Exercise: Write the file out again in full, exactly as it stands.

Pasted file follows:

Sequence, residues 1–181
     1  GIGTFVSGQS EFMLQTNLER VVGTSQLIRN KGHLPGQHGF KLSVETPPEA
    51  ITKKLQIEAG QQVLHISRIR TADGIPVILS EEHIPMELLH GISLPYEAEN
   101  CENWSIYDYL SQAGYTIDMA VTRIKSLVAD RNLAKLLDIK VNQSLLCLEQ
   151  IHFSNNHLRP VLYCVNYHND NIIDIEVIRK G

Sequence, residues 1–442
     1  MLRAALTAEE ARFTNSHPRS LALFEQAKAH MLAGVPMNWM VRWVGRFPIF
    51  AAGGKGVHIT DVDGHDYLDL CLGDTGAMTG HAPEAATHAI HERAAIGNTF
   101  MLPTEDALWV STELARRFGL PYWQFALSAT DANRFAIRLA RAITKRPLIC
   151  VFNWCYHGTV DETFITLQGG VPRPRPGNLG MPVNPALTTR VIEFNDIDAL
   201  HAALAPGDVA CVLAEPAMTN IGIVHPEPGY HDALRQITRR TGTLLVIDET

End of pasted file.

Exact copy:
Sequence, residues 1–181
     1  GIGTFVSGQS EFMLQTNLER VVGTSQLIRN KGHLPGQHGF KLSVETPPEA
    51  ITKKLQIEAG QQVLHISRIR TADGIPVILS EEHIPMELLH GISLPYEAEN
   101  CENWSIYDYL SQAGYTIDMA VTRIKSLVAD RNLAKLLDIK VNQSLLCLEQ
   151  IHFSNNHLRP VLYCVNYHND NIIDIEVIRK G

Sequence, residues 1–442
     1  MLRAALTAEE ARFTNSHPRS LALFEQAKAH MLAGVPMNWM VRWVGRFPIF
    51  AAGGKGVHIT DVDGHDYLDL CLGDTGAMTG HAPEAATHAI HERAAIGNTF
   101  MLPTEDALWV STELARRFGL PYWQFALSAT DANRFAIRLA RAITKRPLIC
   151  VFNWCYHGTV DETFITLQGG VPRPRPGNLG MPVNPALTTR VIEFNDIDAL
   201  HAALAPGDVA CVLAEPAMTN IGIVHPEPGY HDALRQITRR TGTLLVIDET